1.  Conodonts in Vertebrate Evolution
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Conodonts were first recognized in the 1830's by the Russian paleontologist Christian Pander.    The earliest conodont teeth appeared during the Cambrian about 500 million years ago and remained widespread throughout the whole 300 million years of the paleozoic.  However, the actual bodies of these animals contained no bones and left a pGeological Time Scale3A001A.jpgoor fossil record.   The first conodont body fossils were described by Briggs, Clarkson and Aldridge in 1963.  These delicate impressions dating from the Lower Carboniferous ( from roughly 340 MYA) record a sophisticated body plan that includes eyes and an assemblage of  tooth elements arranged at one end, connected to a few centimeters of  worm-like body that bears distinctive chevron-shaped muscle markings -- placing them in the phylum of chordates, and  making conodonts candidates for the first vertebrates.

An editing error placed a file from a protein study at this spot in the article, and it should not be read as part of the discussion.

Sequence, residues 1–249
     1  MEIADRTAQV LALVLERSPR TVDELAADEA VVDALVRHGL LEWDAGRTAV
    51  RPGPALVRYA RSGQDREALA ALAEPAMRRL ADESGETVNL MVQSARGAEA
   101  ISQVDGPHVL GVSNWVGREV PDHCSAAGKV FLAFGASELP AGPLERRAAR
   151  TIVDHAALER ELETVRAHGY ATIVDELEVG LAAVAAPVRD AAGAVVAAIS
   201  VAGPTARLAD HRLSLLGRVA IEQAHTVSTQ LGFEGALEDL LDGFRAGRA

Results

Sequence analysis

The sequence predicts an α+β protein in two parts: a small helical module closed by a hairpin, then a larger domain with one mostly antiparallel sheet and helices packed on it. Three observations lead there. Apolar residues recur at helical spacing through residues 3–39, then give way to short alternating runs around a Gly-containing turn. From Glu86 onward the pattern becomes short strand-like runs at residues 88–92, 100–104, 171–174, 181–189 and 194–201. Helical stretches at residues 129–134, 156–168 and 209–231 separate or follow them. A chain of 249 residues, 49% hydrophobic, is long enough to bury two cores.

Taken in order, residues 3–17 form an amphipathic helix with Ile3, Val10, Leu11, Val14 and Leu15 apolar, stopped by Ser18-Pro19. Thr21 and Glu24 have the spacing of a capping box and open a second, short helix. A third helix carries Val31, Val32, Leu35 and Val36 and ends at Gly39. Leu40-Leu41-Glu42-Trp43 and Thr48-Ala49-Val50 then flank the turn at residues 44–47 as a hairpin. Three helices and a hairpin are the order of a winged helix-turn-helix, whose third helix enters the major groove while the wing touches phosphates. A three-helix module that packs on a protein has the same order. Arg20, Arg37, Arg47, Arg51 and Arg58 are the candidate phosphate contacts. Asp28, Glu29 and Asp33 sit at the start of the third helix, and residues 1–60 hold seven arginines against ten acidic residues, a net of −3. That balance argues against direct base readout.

Until recently, the classic line of vertebrate evolution was thought to start with  "Pikaia" -- a bug-sized creature found in the 505-million year old Middle Cambrian Burgess Shale.  Fossils of this creature show what appears to be a longitudinal notochord flanked by chevron-shaped structures that resemble muscle blocks.  However, a new convicing candidate for first chordate was announced in 1999 with Haikouichys -- an early (530 MYA) Cambrian fossil found in China.  These 2 to 3- cm  fossils resemble a tiny fish -- the first such animal in the fossil record.  Better specimens were announced in 2003 which show well-developed eyes, and other sensory structures characteristic of the cratiates, as well as the muscle blocks typical of early vertebrates  (Nature 421, pp 526-529). Unmistakable fish fossils don't appear until the late Ordovician (450 MYA), with the plate-covered 18-inch Bolivian fossils such as Sacabambaspis.   This jawless fish had paired gill structures and well defined anatomy, including a brain.  Animals with true jaws with teeth didn't arrive until the late Silurian about 420 MYA with the first jawed fish (gnathostomes) demonstrated in Acanthodes -- where the first two bony gill arches are eliminated, and the third gill arch appears to have become modified into a lower jaw, complete with teeth.  By the early Devonian era -- the "Age of Fishes" --  three other type of gnathostomes also appear -- the short-lived Placoderms,  cartilagenous fish (such as sharks, which contain no cellular bone), and more familiar bony fish that survive today as the Telosts.   During this entire vast span of paleozoic time, conodonts were amazingly successful and diversified many times, waxing and waning in genus diversity.  By the time codononts died out in the Triassic, the first Dinosaurs were roaming the continents.   Although they may represent an evolutionary sideline, conodonts can still claim the distinction of demonstrating nature's first experiments with teeth -- teeth that had a surprisingly sophistocated architecture.